Police 999 response times go up in Hertfordshire
PUBLISHED: 08:12 20 April 2015 | UPDATED: 08:12 20 April 2015
Police response times for serious crimes and other emergencies have soared in Hertfordshire over the last four years, new research reveals.
In 2011, police took on average seven minutes to arrive at the scene for the most urgent night-time 999 calls, but by last year they were taking took two minutes longer.
Although the nine-minute response time is close to the national average, the 29 per cent rise is worse than all but five other forces covered by the Labour Party, which used the Freedom of Information Act to probe the impact of police cuts.
Vojislav Mihailovic, general secretary of Hertfordshire Police Federation, said: “When resources are diminishing but demand continues to grow, then inevitably something begins to creak.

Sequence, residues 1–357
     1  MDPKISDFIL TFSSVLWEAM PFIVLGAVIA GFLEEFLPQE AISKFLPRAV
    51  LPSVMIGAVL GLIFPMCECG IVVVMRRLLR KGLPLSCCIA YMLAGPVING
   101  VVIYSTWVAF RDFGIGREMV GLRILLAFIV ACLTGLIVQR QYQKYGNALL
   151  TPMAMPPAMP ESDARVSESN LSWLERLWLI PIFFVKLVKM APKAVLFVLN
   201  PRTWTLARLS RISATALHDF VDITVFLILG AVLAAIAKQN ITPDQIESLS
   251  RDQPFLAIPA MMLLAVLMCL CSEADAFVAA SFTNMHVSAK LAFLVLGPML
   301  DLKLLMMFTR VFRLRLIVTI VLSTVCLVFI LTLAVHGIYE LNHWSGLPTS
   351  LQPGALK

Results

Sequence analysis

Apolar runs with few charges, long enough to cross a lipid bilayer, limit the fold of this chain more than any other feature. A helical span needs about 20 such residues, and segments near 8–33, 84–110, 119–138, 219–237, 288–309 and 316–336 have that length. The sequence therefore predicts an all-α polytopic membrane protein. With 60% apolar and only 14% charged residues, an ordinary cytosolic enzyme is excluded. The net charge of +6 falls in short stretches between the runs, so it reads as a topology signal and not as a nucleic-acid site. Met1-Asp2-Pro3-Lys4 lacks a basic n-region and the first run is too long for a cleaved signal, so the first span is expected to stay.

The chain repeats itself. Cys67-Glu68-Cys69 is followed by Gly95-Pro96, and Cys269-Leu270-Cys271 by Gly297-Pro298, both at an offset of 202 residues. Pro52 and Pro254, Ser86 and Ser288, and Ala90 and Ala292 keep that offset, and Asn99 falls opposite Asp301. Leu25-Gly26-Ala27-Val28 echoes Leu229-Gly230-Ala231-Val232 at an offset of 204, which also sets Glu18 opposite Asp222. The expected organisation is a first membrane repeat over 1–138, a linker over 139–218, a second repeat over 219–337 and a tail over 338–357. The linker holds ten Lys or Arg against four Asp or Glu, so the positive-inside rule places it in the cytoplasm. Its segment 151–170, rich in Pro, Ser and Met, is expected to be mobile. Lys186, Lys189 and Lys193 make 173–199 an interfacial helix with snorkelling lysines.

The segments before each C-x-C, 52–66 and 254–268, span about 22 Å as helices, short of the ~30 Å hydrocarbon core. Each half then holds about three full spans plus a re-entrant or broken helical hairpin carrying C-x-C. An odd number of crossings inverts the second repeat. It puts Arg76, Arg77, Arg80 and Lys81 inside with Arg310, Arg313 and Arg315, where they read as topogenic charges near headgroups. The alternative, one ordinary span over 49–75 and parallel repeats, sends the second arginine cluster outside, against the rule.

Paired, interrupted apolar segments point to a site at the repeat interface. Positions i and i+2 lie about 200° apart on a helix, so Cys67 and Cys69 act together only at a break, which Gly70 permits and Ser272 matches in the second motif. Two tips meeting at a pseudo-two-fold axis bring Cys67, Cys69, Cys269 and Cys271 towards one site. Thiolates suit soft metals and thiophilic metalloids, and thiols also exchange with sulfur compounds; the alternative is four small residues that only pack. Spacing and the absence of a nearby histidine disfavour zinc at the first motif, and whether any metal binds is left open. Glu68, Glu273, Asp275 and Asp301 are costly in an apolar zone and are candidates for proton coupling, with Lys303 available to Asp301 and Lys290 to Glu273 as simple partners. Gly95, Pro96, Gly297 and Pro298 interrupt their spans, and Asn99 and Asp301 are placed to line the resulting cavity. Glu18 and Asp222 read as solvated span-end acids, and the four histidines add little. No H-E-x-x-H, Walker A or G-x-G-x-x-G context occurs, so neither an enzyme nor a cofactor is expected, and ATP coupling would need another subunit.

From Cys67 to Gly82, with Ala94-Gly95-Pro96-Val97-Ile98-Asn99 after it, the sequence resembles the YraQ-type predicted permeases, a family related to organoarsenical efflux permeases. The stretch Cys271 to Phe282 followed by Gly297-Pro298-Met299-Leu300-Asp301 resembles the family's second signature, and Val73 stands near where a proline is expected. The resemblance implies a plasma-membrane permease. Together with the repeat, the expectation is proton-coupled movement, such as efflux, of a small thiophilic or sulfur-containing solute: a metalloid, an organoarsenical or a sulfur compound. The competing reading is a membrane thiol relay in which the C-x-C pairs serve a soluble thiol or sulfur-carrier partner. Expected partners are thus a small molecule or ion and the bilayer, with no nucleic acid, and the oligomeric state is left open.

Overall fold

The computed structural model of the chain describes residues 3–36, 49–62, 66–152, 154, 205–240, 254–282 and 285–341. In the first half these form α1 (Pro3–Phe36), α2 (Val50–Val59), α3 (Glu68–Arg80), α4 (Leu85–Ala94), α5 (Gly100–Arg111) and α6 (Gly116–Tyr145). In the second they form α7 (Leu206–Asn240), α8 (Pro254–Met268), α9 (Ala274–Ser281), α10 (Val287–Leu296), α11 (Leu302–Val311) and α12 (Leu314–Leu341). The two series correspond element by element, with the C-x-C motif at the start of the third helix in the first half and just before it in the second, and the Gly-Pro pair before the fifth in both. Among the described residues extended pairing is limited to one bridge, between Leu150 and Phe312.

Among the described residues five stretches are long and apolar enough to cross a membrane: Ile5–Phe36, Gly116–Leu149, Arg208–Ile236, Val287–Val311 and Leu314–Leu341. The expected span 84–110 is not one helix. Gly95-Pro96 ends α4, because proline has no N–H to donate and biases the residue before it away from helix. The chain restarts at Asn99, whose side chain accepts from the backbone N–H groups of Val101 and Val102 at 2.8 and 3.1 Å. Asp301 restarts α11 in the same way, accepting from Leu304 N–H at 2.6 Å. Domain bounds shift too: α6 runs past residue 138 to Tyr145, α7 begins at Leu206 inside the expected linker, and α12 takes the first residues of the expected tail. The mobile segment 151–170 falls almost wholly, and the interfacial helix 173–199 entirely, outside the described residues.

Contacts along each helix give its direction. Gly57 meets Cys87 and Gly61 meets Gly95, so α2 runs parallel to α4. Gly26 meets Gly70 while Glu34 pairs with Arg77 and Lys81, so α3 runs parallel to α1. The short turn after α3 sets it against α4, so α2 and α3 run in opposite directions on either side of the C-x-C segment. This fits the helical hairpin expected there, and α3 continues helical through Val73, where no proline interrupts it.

“Demand is not just about the number of emergency calls and our response to them, it is about the complexity of what lies behind that call.
“One call can tie a couple of officers up for the rest of their shift leaving their colleagues spread even more thinly.”
A Hertfordshire police spokeswoman responded: “The force continues to respond effectively to increasingly more complex and involved calls for assistance, and has adapted our processes to meet these challenging demands.
“Whilst response times have fallen over the past three years, police officers are still attending the vast majority of calls within the 15-minute target time.
“Control room staff can quickly identify and prioritise those emergency calls where life is at risk or where a crime is in progress.”
Anawar Miah, Labour Parliamentary candidate for Welwyn Hatfield, said: “This inefficiency is another example of the chaos caused by the Tories to our public services.”
Conservative candidate Grant Shapps did not respond to the WHT’s invitation to comment on the Labour research.